Jewish parents talk glowingly of the indigenous homeland that they love. However, mostly they outsource their children’s education about Israel to day schools, Hebrew schools and Jewish camps. They think it’s taken care of.
There is one major problem with this: They don’t teach about Israel in any significant way at most day schools, Hebrew schools or Jewish summer camps. They teach primarily about Judaism.
Typically, their students and campers don’t know much about Israel, its founding, its history or the Arab-Israeli conflict.
Sure, they can tell you about all the stories in the Bible — the Maccabees and Chanukah, Queen Esther and Purim, the exodus from Egypt and Moses. They know the songs and can sing them with gusto. They also, of course, know everything there is to know about the horrors of the Holocaust. They have read Elie Wiesel’s “Night” and “The Diary of a Young Girl” by Anne Frank. So, it’s not like they are too fragile to learn about Israel.
Jewish schools and summer camps don’t teach about Herzl, Jabotinsky, Begin, Golda, Ben-Gurion and Rabin in any meaningful way. They don’t teach about the breakup of the Ottoman Empire or the Balfour Declaration. They don’t teach about the San Remo Conference, the Hebron Massacre, the White Papers, the Irgun, the Peel Commission and the United Nations’ vote for partition. They don’t teach about the PLO, Black September, Hamas, Gaza, the first intifada, the second intifada and UNRWA. They don’t teach about 1948, 1967, 1973 and 2000. And they certainly don’t teach about BDS (the Boycott, Divestment and Sanctions movement) or Arab-Israelis and the Abraham Accords.
Instead, they are told Israel is a magical land. Utopia.
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Most young people at the universities the majority of Jewish kids will attend tend to be liberal and progressive, as are most young Jews growing up in America. Jewish students must understand what the BDS movement is before they set foot on campus.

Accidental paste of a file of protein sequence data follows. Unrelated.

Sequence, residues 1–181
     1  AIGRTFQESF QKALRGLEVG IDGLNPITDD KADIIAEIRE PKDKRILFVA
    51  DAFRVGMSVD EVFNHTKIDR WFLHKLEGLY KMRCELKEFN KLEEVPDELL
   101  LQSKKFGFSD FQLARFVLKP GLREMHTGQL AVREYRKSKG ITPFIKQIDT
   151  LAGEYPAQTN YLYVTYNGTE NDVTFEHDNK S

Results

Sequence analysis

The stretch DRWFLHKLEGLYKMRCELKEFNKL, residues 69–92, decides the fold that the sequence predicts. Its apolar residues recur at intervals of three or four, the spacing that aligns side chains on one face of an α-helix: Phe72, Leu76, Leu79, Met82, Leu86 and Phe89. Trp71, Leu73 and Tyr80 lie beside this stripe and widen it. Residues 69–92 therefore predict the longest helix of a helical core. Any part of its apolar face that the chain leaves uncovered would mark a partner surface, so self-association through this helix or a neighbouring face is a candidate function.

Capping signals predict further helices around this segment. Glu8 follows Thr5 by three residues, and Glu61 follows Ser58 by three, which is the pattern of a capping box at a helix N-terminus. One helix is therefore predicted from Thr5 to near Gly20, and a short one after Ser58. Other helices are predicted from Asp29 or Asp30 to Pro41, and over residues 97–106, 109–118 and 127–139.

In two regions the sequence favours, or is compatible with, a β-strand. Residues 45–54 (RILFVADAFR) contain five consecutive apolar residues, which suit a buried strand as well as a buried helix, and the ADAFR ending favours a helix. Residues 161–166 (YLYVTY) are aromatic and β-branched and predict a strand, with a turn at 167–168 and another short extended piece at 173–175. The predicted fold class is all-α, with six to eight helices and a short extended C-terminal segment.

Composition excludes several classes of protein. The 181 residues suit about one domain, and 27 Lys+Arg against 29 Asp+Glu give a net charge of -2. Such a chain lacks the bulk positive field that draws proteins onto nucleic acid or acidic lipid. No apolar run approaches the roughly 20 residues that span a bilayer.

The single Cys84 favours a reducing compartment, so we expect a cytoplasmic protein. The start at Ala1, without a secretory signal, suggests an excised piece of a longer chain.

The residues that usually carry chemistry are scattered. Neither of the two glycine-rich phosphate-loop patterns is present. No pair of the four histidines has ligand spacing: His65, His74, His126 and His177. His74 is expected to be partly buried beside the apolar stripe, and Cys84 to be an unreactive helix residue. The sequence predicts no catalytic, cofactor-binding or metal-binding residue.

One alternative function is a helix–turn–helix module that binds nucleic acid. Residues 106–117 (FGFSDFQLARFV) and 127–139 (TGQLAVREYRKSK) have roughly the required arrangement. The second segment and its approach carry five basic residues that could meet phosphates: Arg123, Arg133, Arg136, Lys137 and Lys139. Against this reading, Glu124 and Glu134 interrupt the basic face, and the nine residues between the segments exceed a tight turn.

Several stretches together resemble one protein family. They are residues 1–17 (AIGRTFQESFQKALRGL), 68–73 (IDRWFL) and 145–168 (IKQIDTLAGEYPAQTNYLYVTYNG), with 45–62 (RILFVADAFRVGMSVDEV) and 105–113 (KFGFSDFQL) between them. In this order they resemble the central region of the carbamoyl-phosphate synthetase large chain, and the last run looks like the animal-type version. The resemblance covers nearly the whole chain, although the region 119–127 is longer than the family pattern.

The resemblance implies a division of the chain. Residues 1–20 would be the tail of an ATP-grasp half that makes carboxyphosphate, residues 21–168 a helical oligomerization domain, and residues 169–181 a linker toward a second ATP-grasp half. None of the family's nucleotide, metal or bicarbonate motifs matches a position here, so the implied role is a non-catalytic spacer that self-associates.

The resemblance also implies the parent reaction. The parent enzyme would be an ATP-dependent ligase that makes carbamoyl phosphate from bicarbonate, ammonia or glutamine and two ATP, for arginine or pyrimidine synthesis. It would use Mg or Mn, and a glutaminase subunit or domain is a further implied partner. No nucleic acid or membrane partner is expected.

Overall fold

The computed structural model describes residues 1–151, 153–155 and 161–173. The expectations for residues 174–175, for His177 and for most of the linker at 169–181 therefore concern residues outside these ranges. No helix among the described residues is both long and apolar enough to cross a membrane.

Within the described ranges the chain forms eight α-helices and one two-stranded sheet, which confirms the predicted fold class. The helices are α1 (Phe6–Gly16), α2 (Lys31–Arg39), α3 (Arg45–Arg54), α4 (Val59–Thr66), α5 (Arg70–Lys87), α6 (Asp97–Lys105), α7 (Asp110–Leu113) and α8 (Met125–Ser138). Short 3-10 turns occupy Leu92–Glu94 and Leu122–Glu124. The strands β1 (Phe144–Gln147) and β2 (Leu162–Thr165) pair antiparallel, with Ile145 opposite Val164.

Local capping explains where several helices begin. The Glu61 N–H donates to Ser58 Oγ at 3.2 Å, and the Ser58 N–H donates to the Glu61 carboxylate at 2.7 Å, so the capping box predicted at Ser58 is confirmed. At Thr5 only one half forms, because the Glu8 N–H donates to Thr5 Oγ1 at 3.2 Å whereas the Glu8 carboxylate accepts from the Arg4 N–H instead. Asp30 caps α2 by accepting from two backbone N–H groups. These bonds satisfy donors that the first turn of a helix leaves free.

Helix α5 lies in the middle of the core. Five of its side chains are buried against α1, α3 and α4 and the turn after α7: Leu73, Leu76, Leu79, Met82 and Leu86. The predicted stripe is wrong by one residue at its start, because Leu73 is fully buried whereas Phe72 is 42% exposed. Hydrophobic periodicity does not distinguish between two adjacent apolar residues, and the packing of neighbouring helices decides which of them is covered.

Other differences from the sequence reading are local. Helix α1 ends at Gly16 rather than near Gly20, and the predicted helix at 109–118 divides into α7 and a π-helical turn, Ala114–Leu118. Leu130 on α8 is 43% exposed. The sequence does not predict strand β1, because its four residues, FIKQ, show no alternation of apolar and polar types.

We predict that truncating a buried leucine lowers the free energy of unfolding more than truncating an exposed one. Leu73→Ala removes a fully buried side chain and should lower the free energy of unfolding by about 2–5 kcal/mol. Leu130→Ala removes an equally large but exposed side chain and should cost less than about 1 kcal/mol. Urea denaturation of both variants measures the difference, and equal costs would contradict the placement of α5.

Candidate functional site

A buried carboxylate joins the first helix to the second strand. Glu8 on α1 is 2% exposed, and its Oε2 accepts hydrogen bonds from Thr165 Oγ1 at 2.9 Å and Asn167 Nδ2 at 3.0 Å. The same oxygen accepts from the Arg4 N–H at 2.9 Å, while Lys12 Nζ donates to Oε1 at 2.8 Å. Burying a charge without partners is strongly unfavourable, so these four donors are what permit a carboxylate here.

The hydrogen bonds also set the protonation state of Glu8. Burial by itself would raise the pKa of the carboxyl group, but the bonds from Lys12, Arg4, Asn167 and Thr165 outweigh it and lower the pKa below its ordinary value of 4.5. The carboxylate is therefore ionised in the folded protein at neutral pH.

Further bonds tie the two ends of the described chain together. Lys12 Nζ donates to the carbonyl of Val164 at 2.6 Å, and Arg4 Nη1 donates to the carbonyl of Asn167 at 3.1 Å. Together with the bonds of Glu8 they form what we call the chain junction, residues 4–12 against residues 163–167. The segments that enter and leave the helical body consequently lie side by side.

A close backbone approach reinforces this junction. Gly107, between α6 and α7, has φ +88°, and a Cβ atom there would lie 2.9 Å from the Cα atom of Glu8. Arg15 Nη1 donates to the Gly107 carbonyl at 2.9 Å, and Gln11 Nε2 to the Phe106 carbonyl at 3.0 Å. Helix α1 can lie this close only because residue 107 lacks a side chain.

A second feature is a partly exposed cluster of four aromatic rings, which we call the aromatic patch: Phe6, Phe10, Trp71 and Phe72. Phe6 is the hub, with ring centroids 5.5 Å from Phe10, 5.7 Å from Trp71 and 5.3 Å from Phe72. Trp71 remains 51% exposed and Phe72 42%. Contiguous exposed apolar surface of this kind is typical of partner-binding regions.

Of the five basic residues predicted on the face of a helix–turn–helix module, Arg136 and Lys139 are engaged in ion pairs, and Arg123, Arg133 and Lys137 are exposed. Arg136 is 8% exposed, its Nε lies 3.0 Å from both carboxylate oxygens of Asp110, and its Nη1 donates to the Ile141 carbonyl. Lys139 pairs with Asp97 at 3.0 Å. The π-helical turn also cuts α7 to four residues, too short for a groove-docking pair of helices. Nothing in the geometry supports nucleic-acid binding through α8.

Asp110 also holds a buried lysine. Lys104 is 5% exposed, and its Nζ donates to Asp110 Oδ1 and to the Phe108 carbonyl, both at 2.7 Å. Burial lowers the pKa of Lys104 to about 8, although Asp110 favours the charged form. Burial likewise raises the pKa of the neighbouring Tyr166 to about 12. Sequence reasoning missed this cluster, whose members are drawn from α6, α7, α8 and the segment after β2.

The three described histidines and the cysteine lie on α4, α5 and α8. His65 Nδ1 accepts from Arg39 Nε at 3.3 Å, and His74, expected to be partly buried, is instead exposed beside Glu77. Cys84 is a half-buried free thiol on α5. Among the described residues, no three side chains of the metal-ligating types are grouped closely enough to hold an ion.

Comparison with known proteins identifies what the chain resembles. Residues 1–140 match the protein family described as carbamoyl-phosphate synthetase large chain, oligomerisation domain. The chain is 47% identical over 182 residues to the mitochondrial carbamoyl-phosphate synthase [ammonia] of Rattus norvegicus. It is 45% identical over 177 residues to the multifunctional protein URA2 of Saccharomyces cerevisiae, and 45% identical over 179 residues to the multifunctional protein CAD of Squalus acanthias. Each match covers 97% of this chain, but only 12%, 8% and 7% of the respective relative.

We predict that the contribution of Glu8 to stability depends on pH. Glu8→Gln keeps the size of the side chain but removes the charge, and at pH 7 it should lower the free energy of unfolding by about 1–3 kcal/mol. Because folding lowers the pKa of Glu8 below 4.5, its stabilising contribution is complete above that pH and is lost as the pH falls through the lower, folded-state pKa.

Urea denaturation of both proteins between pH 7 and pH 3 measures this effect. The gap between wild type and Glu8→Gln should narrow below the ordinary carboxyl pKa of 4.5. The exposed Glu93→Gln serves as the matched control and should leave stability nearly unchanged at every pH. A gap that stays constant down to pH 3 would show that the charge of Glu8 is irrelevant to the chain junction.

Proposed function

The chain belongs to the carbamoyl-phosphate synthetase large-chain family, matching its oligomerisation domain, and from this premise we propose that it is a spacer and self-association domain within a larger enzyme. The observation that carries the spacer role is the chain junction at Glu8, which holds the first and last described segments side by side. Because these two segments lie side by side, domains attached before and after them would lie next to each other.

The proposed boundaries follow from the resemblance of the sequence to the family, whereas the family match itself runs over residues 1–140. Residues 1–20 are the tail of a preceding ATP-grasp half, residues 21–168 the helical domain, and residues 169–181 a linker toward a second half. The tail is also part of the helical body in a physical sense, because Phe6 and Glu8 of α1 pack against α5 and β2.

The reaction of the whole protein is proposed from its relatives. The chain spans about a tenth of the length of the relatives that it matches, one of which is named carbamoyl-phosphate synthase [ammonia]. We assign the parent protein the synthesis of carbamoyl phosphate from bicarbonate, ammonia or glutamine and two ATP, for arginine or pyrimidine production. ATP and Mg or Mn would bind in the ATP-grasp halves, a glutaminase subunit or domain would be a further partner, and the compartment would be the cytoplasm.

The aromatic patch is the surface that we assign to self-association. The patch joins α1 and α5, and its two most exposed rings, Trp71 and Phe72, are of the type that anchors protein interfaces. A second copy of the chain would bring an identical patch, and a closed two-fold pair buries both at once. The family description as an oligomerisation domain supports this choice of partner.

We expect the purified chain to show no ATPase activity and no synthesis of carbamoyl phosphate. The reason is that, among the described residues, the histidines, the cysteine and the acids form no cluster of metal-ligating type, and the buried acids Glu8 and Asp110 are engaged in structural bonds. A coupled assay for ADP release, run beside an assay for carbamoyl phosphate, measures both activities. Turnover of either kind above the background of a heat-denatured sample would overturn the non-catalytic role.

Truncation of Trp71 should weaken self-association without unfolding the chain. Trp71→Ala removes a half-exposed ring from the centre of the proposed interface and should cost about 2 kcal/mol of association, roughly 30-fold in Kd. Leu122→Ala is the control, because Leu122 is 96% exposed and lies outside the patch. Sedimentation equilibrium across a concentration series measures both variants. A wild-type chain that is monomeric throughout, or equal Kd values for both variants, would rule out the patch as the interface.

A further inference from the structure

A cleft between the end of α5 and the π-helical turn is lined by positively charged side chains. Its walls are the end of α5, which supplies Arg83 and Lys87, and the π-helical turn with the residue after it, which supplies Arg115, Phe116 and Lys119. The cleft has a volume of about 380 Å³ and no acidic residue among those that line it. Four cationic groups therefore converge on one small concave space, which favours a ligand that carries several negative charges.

A recent survey of graduates of Harvard — where 78 percent of students considered themselves “progressives” — found that 34 percent support BDS while just 21 percent oppose it, with the rest not having enough information to decide.
The BDS movement’s rhetoric is salient because it has reinvented itself with the language of progressive causes. Activists suggest that to stand for social justice, environmental change, women’s rights, the LGBTQ+ community and indigenous peoples is to stand with the Palestinians. They have also coopted all these causes with duplicitous aims.
BDS doesn’t mention that it was created as a political weapon that seeks the demonization, delegitimization and eventual elimination of the State of Israel. That doesn’t sound very progressive. So instead, the BDS movement presents a black-and-white narrative, insinuating that Israel is uniquely evil.
However, many boycott activists are no longer hiding their true aims. For instance, the leading BDS organization at the City University of New York, Within Our Lifetime, openly supports Palestinian militant groups and proclaims that “they don’t want two states — they want all of it.” BDS, in general, also explicitly rejects “coexistence” and working with progressive groups if those groups don’t embrace “co-resistance” to dismantle the State of Israel.
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In reality, it is Zionism and Israel that have brought progressive change to the Middle East. As I recently wrote in a piece for Sapir, Israel is the remarkable story of a conquered and colonized people miraculously reestablishing a country in their indigenous homeland — a country that has brought democracy to a region that has known only kings, dictators and theocracies. It’s a country in which the environment is protected, where there is socialized health care and where the LGBTQ+ community is flourishing even as members of this community are violently persecuted in every other country in the Middle East, including Palestinian-ruled areas.
Israel is also a country in which a woman was elected prime minister within 20 years of the founding of the state and where minorities run the country’s biggest bank and sit on the country’s Supreme Court and in its governing coalition. This is all unimaginable in any other country in the Middle East.
Your kids also need to understand the interplay between anti-Semitism and Israel. More than 80 percent of American Jews say Israel is an essential or important part of what being Jewish means to them.
But if, on campus, Israel is deemed to be a racist, apartheid state, and our children support that state, then they are accused of supporting apartheid and racism. This accuses our children of being complicit in evil, as only those who are truly deplorable would support such hate. This twisted logic allows anti-Israel activists to justify condemning and ostracizing our children.